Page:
Somali refugees camping in Kenya should return home, a senator has said.
Nyeri Senator Mutahi Kagwe (Narc) said the Somali President had already signalled that his country was stable enough for its citizens to return and wondered why Somalis were still in refugee camps in Kenya.
Speaking in the Senate, he said it would be more sensible to have the Dadaab refugee camp, possibly the world’s largest, shifted to Somali territory so Kenya could help the refugees while in their own country.
“The Somali President has already said the country is stable enough for its citizens to return, and if they continue staying in refugee camps in Kenya they might actually deny their president the manpower he needs to rebuild the country,” he said.
Elgeyo Marakwet Senator Kipchumba Murkomen (URP) said the ratio of police to citizens should be increased, saying policing should not be a preserve of a few, mainly politicians, who enjoy armed police protection.
He also said the country’s porous borders should be policed more and urged the government to deal with the refugee crisis which he said was the main cause of insecurity in northern part of the country.
Samburu Senator Sammy Leshore (URP), himself a victim of insecurity, said the people of his county and the entire country deserved to know what happened to him and other legislators who are victims of violent attack.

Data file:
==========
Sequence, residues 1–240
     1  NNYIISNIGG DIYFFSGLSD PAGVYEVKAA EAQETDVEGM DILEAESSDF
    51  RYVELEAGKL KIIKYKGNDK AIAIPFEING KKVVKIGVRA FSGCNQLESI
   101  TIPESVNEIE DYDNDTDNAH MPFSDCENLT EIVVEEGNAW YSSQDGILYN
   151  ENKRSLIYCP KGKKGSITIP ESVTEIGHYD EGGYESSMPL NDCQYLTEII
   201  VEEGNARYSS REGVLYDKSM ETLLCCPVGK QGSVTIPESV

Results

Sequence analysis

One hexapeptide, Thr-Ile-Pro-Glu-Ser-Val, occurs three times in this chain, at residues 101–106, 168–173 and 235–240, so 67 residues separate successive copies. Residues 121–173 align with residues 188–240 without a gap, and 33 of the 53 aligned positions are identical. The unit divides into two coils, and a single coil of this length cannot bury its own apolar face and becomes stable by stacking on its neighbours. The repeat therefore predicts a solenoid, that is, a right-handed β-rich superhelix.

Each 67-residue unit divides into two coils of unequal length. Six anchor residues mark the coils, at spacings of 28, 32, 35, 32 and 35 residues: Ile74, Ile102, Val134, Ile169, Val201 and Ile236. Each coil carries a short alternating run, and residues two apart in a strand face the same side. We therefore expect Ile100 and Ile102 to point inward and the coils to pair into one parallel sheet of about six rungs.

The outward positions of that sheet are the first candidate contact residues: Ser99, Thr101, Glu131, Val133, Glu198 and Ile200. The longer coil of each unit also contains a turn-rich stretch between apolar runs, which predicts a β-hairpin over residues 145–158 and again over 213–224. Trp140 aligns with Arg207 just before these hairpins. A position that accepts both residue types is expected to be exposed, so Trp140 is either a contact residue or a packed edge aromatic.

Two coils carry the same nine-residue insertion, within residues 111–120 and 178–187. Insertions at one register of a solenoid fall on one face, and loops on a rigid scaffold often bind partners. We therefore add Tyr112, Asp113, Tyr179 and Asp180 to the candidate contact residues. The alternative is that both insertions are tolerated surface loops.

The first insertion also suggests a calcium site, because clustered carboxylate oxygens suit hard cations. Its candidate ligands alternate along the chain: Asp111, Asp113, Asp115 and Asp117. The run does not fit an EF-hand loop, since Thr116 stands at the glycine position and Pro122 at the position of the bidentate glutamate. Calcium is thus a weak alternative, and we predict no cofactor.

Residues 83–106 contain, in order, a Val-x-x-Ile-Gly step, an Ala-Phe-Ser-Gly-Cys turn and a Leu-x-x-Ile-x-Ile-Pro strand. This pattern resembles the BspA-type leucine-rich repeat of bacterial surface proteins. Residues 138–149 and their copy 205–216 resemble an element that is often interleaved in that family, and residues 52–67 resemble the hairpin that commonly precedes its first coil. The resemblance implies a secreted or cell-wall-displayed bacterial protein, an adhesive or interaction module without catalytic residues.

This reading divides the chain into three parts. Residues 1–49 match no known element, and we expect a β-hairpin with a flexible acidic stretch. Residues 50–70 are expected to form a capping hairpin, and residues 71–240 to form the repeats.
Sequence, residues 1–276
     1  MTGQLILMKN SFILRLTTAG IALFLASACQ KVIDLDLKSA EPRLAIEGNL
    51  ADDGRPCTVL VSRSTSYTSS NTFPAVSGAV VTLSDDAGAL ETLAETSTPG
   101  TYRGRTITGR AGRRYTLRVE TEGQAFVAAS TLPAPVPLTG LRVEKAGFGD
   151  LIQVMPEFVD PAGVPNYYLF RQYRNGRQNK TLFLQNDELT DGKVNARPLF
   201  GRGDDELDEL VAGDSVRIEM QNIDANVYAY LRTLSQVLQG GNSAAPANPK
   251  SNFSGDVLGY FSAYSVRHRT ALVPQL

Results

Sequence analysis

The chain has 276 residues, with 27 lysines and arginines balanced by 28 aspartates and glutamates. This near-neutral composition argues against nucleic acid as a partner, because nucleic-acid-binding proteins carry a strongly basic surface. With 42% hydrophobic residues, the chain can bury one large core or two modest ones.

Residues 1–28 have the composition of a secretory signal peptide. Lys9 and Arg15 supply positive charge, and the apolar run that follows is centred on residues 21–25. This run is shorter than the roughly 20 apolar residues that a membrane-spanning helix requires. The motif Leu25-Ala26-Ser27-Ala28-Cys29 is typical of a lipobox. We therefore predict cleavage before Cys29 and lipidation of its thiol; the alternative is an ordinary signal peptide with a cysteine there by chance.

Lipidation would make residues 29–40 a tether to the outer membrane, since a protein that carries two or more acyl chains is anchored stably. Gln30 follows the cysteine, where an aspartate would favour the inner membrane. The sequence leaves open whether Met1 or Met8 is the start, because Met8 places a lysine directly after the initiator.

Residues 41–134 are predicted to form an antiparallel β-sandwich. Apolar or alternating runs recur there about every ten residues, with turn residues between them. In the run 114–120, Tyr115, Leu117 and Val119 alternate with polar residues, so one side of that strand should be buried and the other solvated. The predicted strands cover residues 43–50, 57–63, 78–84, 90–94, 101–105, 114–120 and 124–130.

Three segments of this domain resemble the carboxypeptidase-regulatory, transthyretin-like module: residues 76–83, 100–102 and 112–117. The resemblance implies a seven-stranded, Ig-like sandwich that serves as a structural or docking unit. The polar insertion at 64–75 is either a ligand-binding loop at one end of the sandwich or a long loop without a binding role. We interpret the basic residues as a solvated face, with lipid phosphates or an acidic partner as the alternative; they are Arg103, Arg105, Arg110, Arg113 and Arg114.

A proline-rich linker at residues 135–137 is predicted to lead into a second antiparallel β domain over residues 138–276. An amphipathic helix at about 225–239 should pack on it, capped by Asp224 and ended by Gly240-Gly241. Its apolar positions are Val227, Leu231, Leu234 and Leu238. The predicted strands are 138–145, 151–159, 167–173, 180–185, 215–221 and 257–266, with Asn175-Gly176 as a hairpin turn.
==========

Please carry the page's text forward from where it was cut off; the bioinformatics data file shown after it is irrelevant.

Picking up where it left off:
Mr Leshore said he had been confined to a wheelchair after he was shot by suspected criminals and asked the government to deal with Somali aliens and other criminals behind small arms trafficking in the country.
The senators were contributing to debate on the presidential speech, in which the issue of the Somali refugees came up, with some senators saying it was time the refugees were repatriated since the Kenya Defence Forces had helped their country to stabilise.
The refugee crisis was compounded by fighting between KDF soldiers and al-Shabaab miliamen, forcing thousands to flee to camps in Kenya.
However, it is believed that criminals allied to the Al-Qaeda linked Somali-based militia may have infiltrated the country disguised as refugees, and were now carrying out revenge attacks.
In his inauguration speech, President Uhuru Kenyatta said the government was committed to improving security on the country’s frontiers and promised to progressively improve the police-to-citizens ratio by bringing it closer to the UN ratio of 1:450.
“Last year, we deployed our Defence Forces to Somalia…the sanctity of life; disrespect for human rights and contempt for the law. In doing so we demonstrated to our citizens and to the world that we will deal decisively with any external threat to our citizens.
Yet threats to internal security still remain. We will deal with those internal threats with the same single-minded resolve; the same commitment to protecting our citizens,” the president said.
Xafiiska Wararka Midnimo, firstname.lastname@example.org